Video: How to Grow, Hydrate and Hold Cut Hellebores
Susan from Shady Grove Gardens is joining us to share some information on growing, hydrating and holding cut hellebores! Susan has been working with flowers for 31 years and has been so gracious to come and share.
If you've ever been captivated by the charm of the hellebore you are in for a real treat!
The first time I saw a hellebore was at my friend Foxie's garden. She has an amazing event venue and flower farm in Tyro, Virginia called Pharsalia. Foxie is well-known for her peony collection, but let's be honest, she has ALL kinds of amazing collections beyond peonies. Flowers start blooming at Pharsalia in the winter and in my first season of working in flowers she was just short drive from home. I think Foxie is one of the reasons I fell so hard for flowers. That winter garden fueled my excitement. She has ALL kinds of hellebore varieties.
Shortly after visiting Foxie I traveled to Pine Knot Farms in Clarksville, Virginia. Judith and Dick let me explore their amazing collection of hellebores. I wanted to test processing and strength of bloom. It was widely accepted they were not a viable cut flower at the time. I processed them in quick dip with cool water and they performed so well — making not only the trip back to Lynchburg, but then up to Pennsylvania for my very first wedding. I remember proposing the flower to the bride and being so nervous about being able to actually find the flower (since they were not really sold on the wholesale market at the time) and having it hold up. They did so well, and my experiment flowers held for a strong two weeks, with the Pink Frost variety lasting even longer! Delivering those blooms to Anna and getting over my fear of them not being a viable cut made me feel really happy.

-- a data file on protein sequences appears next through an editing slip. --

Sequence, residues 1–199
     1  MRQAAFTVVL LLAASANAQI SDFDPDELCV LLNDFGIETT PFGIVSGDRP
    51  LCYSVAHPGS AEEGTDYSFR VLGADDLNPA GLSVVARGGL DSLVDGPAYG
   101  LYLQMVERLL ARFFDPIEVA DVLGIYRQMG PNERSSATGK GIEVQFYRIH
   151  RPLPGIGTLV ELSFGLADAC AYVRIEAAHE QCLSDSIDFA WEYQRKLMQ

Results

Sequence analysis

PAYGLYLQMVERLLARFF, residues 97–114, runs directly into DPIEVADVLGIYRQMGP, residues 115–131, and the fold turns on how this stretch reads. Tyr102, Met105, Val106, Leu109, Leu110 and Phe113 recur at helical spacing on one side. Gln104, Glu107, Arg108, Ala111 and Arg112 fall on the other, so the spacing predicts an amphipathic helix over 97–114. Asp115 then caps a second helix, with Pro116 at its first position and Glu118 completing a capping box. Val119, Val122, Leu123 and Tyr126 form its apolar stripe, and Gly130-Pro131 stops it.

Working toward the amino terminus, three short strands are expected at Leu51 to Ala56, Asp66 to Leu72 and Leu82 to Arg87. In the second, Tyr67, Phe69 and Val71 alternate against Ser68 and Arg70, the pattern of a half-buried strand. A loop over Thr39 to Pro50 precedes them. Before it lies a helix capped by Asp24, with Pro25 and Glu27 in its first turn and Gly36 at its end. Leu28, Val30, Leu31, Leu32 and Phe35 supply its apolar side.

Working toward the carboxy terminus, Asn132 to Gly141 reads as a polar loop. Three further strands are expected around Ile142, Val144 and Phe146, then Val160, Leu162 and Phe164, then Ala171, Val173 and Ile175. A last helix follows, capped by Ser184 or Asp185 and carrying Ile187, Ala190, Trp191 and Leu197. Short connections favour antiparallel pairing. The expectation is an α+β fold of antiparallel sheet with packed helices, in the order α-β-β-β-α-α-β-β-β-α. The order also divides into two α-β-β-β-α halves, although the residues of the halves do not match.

Over time, they garnered attention and started becoming more readily available on the wholesale market. However they performed terribly when shipped. Over time, this too has changed, post-harvest practices have evolved, and I find they do fairly well when shipped. I use the same techniques to process the flowers, the vase life is just not as strong as local hellebores. It's like dahlias — local is just better.
Hooray! Hellebores are a great cut flower. The plants Susan shows in this video lasted over two weeks outside a cooler. We shot this video (they were clipped a few days prior) and I used them in the How to Photograph Flowers class 13 days later.